5:15am – You’re standing there on Eden beach, having just arrived for a few happy snaps with your loving father, supportive boyfriend, Jerel, smiley pacing friend, Katy, and student physio, Tiffany. In comparison to your frantic 24h track race in Coburg this year where you had you’re specific target of >200km, you’re rather relaxed, soaking in the atmosphere of the most sought after Australian ultra on every endurance runner’s trajectory, Coast2Kosciuszko. For you, it’s a finish on the cards. With the onset of a head cold and what you like to call an extra Swiss chocolate layer, you just want to make it up the top, alive. Your cardiologist, having done a full examination on your heart, has given you double thumbs up for health but, reluctantly, told you that ultramarathon running is bad for your heart. Something definitely that you should and will ponder about as you conquer the 240km that lies ahead…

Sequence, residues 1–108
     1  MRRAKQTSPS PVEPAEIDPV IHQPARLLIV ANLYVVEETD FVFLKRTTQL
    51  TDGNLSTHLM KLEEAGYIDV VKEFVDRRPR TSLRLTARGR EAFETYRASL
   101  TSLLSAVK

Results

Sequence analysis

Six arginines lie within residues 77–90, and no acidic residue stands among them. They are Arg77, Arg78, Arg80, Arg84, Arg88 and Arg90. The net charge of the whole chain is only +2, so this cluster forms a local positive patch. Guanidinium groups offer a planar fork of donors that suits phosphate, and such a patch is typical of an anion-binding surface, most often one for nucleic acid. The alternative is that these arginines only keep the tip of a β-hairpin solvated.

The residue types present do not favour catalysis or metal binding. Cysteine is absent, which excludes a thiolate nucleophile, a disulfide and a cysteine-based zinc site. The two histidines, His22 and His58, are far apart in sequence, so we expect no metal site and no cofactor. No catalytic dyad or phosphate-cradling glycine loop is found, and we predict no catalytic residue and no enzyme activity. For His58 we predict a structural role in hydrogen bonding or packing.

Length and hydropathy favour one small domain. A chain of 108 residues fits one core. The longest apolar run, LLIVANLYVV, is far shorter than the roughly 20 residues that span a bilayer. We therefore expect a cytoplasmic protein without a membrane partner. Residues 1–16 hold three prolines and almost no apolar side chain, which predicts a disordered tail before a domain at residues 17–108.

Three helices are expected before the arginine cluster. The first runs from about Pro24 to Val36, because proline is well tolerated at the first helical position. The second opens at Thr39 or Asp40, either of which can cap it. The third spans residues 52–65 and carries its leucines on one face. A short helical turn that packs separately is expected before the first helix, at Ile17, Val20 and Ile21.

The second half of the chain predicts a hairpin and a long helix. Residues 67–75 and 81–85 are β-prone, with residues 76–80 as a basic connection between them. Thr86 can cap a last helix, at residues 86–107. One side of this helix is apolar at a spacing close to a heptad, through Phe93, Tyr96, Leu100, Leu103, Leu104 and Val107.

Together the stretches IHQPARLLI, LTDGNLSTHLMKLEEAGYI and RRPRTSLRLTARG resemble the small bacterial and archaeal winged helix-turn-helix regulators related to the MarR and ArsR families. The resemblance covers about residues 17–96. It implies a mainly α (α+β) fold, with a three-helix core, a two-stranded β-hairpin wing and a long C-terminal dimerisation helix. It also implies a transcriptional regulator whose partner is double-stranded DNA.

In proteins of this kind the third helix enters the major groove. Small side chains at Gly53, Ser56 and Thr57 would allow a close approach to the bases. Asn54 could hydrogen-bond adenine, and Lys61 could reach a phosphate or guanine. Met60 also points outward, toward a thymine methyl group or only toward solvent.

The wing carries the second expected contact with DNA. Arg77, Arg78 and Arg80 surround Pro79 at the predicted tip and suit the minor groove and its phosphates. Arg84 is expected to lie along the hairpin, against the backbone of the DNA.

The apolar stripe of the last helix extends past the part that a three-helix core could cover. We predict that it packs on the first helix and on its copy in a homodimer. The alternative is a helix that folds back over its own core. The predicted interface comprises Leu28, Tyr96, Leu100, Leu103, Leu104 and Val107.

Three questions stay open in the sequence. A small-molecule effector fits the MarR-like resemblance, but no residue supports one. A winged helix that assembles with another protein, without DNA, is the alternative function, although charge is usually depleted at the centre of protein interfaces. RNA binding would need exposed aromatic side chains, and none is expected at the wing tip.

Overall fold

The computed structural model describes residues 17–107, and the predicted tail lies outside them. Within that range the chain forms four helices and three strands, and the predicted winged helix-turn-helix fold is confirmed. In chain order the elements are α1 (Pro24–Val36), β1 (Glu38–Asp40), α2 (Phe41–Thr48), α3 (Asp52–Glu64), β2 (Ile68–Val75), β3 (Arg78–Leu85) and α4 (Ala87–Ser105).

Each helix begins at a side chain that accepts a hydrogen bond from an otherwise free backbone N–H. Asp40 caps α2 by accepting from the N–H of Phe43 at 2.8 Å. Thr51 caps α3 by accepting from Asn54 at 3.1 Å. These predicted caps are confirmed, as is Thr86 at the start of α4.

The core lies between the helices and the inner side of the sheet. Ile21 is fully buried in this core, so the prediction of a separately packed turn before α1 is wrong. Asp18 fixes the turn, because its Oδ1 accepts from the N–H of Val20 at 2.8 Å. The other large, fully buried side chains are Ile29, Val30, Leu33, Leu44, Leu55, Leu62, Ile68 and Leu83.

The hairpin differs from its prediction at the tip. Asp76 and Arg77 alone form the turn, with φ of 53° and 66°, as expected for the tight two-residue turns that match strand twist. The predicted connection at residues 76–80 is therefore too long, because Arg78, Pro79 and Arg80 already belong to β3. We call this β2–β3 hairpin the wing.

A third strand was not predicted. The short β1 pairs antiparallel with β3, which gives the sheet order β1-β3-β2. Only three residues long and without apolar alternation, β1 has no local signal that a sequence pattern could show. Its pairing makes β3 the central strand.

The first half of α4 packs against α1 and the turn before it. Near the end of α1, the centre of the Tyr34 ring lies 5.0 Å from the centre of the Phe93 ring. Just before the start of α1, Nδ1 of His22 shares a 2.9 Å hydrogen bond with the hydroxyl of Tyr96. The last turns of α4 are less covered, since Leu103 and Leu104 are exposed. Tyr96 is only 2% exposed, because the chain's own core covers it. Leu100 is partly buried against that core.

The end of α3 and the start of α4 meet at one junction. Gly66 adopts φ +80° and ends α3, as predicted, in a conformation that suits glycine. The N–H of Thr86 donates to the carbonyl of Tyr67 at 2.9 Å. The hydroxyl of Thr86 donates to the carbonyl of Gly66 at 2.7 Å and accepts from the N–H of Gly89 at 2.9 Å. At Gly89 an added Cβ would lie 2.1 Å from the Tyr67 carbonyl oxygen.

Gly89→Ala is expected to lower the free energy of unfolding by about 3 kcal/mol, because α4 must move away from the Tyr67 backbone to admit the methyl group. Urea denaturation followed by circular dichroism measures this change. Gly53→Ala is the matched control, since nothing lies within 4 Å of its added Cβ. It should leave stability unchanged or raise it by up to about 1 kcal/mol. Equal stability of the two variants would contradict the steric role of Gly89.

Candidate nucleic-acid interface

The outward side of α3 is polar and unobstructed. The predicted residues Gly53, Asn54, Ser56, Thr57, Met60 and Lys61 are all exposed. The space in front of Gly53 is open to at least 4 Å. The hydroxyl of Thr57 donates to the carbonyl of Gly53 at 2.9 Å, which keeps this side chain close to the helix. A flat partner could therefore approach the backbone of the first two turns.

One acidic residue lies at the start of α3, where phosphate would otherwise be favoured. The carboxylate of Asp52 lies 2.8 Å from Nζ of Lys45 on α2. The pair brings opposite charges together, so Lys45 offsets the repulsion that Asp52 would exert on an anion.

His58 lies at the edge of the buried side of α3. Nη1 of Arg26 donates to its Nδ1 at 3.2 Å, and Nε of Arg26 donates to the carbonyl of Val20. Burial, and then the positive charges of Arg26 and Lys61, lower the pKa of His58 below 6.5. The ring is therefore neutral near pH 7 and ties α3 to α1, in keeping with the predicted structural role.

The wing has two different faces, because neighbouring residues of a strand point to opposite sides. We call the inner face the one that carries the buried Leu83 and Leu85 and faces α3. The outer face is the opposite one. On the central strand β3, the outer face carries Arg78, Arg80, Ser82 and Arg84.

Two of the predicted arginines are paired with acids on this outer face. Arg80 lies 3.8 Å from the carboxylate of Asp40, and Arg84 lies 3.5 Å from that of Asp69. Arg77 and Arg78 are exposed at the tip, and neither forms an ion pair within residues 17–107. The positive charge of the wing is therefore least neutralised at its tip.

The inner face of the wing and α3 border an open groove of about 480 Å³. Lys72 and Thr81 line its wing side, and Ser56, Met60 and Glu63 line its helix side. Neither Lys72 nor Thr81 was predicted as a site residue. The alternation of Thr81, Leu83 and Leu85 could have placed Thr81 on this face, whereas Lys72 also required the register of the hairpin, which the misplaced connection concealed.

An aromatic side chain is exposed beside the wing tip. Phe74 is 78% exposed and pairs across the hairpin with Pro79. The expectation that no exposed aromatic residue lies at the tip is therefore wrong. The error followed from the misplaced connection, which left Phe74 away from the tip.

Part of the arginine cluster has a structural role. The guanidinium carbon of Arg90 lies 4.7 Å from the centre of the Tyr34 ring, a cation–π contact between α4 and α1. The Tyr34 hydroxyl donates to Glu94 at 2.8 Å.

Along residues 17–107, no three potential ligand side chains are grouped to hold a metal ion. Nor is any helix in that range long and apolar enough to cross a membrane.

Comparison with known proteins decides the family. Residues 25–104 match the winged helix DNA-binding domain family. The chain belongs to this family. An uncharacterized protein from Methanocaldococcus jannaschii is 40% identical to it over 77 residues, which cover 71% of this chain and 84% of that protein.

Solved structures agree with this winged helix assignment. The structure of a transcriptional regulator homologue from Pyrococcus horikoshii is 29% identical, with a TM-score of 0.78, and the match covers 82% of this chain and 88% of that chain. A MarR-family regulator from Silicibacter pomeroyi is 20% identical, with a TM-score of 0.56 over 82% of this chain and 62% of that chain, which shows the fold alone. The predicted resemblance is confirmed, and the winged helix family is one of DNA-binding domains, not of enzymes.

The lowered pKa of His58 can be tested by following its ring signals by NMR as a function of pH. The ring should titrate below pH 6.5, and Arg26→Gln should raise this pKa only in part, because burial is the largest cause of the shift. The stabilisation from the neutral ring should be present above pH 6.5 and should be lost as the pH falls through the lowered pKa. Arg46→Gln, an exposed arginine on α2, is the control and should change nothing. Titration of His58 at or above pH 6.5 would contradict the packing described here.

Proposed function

The first third
Somehow the hype of the event gets you into a bit of a relatively fast start that you don’t notice until your Garmin gets satellite reception. You’re chatting away with Darren from WA whom you met at Coburg this year – talking about Skins, Ultramag and your support crew. Noticing you are above your premeditated 8km/h, you slow down to slot into a conversation with Roger, talking about how the race begins after Jindy and congratulating him for how dedicated he has been to his training this year. He runs off into the humidity as you cruise along on cruise control. Next it’s Sabina, someone you’ve run with so often, mostly around a 400m oval or a loop-type course. She is her talkative, bubbly self as she talks about her children at home, not quite up for a 30+ hour support crew endeavour. Not until they can drive that is…